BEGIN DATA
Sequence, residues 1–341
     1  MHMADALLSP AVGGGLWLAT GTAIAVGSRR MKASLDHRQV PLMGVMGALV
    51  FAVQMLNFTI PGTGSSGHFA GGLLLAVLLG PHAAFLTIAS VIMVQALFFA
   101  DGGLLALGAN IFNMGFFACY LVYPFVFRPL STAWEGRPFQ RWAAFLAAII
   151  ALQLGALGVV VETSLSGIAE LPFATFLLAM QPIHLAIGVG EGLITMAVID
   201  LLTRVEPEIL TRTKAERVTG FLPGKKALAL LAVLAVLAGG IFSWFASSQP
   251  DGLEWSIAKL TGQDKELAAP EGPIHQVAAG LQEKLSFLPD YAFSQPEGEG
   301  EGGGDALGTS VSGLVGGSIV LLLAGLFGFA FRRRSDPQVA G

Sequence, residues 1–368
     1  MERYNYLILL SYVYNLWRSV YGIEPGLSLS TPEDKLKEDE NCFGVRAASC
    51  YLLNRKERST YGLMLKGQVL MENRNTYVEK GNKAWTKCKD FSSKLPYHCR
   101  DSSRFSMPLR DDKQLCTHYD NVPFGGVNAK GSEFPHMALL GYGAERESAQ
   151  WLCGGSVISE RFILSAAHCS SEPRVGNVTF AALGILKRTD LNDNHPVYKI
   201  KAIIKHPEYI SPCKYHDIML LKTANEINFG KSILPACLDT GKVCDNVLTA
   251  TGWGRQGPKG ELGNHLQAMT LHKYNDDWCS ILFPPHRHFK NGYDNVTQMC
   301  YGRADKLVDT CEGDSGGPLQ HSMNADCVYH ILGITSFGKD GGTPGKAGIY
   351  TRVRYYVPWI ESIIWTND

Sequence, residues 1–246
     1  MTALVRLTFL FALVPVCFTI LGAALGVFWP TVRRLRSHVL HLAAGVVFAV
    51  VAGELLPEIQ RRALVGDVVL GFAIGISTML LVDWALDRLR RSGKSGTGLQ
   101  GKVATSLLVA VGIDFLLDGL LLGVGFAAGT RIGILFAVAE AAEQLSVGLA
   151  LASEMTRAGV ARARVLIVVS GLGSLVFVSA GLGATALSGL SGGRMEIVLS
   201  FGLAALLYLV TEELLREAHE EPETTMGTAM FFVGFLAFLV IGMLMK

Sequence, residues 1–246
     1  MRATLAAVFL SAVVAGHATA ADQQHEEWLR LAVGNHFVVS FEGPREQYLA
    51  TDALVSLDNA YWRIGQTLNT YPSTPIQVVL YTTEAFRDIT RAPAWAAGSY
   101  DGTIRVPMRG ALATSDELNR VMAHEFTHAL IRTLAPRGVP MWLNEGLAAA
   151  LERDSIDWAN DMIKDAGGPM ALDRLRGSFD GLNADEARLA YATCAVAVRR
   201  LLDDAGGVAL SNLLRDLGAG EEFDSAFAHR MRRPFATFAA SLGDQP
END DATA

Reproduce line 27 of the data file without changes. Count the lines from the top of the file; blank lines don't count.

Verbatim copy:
   101  DGTIRVPMRG ALATSDELNR VMAHEFTHAL IRTLAPRGVP MWLNEGLAAA